Wednesday, November 12, 2008
Teaching Rebellion is a compilation of testimonies from longtime organizers, teachers, students, housewives, religious leaders, union members, school children, community activists, artists, journalists, and others who participated in the Popular Assembly of the People of Oaxaca.
"In 2006, Oaxaca, Mexico came alive with a broad and diverse movement that captivated the nation and inspired communities organizing for social justice around the world. Fueled by long ignored social contradictions, what began as a teachers' strike quickly turned into a massive movement that demanded direct, participatory democracy. Hundreds of thousands of Oaxacans raised their voices against the abuses of the state and participated in marches, occupied government buildings, took over radio stations, and held sit-ins, while hundreds were arbitrarily detained, tortured, murdered by government forces or death squads, or forced into hiding."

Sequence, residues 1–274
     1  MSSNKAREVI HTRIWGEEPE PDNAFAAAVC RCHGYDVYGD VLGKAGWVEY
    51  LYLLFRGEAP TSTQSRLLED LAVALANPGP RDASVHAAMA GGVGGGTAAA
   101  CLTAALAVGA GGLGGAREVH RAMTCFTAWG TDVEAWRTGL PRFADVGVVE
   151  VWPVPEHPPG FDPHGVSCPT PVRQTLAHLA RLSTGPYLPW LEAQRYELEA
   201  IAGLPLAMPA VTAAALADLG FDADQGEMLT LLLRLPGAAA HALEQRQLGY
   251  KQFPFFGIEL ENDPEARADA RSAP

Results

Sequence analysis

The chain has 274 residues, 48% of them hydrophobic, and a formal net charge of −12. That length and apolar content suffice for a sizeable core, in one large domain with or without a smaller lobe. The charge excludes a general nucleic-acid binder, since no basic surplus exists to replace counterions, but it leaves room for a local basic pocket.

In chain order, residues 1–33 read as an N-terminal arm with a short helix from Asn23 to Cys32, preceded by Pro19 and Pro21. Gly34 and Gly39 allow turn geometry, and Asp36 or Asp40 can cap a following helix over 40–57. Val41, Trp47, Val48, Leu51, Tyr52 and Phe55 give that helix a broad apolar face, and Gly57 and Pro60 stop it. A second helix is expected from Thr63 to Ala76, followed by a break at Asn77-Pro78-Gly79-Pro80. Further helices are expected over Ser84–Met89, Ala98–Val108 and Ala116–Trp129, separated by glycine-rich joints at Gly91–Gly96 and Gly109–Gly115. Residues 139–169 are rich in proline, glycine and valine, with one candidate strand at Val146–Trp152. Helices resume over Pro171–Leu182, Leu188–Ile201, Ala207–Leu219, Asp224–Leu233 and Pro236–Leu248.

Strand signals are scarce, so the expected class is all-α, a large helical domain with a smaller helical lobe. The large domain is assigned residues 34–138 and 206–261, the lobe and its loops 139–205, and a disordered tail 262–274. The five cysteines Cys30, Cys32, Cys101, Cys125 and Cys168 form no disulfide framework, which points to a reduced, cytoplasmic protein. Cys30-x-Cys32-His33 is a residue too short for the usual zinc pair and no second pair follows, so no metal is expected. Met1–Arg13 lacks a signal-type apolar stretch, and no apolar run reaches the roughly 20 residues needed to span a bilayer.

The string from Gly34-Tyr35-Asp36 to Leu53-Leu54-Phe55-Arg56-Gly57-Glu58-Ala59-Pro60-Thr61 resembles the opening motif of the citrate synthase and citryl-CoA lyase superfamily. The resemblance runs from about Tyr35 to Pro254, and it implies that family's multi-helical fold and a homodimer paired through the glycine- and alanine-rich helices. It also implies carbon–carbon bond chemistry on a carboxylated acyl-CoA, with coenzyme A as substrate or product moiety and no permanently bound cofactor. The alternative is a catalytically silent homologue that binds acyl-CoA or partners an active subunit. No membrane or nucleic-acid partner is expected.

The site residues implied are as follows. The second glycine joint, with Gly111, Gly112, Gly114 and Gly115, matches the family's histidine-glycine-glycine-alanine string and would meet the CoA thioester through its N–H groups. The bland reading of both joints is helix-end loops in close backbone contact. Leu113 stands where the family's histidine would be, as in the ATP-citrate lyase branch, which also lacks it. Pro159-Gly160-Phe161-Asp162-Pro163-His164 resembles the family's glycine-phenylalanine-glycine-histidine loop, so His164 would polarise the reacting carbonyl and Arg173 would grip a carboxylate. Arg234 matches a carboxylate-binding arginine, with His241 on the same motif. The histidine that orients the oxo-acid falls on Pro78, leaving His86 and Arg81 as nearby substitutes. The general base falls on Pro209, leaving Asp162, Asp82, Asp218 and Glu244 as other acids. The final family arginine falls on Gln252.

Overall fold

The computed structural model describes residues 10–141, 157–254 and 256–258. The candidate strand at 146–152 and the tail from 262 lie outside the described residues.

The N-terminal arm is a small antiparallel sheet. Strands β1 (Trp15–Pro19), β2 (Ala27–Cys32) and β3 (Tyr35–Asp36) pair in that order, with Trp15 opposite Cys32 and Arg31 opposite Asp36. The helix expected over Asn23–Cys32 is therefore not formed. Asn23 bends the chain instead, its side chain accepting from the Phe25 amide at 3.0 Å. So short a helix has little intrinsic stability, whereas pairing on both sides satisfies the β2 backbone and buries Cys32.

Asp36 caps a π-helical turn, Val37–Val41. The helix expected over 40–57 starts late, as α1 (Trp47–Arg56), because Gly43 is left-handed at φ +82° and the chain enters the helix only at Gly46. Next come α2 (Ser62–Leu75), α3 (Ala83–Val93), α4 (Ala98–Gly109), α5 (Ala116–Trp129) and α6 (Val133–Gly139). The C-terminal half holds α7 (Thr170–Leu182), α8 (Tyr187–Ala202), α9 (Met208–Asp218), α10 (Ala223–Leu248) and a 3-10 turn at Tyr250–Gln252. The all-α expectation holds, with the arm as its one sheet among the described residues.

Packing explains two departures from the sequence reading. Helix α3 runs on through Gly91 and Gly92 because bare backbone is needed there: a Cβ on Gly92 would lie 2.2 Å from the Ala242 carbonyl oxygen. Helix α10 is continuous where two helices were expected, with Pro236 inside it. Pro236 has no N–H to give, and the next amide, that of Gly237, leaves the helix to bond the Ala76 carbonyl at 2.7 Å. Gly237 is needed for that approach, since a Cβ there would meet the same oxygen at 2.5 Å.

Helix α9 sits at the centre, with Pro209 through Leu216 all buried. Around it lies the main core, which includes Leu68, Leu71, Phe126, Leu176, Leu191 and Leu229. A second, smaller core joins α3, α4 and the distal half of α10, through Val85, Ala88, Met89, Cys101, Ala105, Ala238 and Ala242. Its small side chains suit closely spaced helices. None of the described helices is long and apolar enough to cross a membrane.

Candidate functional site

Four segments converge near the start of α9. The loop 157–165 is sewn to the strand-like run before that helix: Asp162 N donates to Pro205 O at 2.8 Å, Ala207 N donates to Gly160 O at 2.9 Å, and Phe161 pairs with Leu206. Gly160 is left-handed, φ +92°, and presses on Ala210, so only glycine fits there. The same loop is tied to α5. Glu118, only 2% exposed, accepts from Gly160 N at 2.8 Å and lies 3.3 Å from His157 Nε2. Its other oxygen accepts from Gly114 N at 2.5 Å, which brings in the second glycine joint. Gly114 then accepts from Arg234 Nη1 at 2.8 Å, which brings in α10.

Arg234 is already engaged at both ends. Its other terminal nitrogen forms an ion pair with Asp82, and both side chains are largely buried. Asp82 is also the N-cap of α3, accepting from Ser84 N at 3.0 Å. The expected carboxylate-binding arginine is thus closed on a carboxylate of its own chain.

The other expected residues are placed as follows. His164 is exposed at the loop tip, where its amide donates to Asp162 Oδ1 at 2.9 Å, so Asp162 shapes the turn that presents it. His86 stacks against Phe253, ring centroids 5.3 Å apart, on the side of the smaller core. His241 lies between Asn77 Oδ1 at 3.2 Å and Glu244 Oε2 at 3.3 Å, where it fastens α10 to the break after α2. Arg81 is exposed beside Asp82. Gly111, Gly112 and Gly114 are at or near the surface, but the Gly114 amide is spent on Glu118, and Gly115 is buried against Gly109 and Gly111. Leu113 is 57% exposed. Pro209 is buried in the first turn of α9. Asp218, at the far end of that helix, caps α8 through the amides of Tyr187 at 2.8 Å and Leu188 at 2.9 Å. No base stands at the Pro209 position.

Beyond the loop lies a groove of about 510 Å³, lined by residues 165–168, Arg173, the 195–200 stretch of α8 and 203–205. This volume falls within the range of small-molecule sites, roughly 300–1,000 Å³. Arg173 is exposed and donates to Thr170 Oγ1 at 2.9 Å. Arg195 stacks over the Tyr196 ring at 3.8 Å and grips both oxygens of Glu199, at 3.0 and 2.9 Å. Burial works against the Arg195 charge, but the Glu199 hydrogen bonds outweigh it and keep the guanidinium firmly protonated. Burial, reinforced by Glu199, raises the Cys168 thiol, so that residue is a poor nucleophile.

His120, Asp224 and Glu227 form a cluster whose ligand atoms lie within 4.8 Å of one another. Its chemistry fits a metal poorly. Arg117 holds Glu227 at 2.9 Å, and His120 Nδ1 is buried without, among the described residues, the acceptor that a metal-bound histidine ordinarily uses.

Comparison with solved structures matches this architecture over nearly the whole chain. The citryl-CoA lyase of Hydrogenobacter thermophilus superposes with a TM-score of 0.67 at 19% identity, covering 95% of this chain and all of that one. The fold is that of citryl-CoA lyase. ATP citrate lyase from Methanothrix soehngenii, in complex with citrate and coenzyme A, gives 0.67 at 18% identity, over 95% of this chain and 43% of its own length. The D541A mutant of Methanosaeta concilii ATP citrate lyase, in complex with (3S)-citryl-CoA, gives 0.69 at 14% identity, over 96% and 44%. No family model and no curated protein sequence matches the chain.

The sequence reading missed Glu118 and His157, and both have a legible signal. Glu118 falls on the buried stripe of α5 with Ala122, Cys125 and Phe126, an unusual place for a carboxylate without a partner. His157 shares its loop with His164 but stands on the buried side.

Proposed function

A presentation by Silvia Hernández, spokesperson for the Popular Assembly of the People of Oaxaca, will take place on Wednesday, November 12, 2008 at 4:30 p.m. in Kohlberg 115.
Silvia Hernández, a sociology student active in the barricades and in the defense of Radio Universidad when it was under attack by state police, continues to actively organize for autonomous space and alternative to the state's neo-liberal development plans. Silvia was arrested in July 2007 and spent nearly a month as a political prisoner. She belongs to VOCAL (Voces Oaxaqueñas Construyendo Autonomia y Libertad (Oaxacan Voices Constructing Autonomy and Liberty) and gives workshops in recycled art and urban agriculture.
Sponsored by: Forum for Free Speech, Latin American Studies, Peace and Conflict Studies, The Intercultural Center, the Office of the President, and The Lang Center for Civic and Social Responsibility.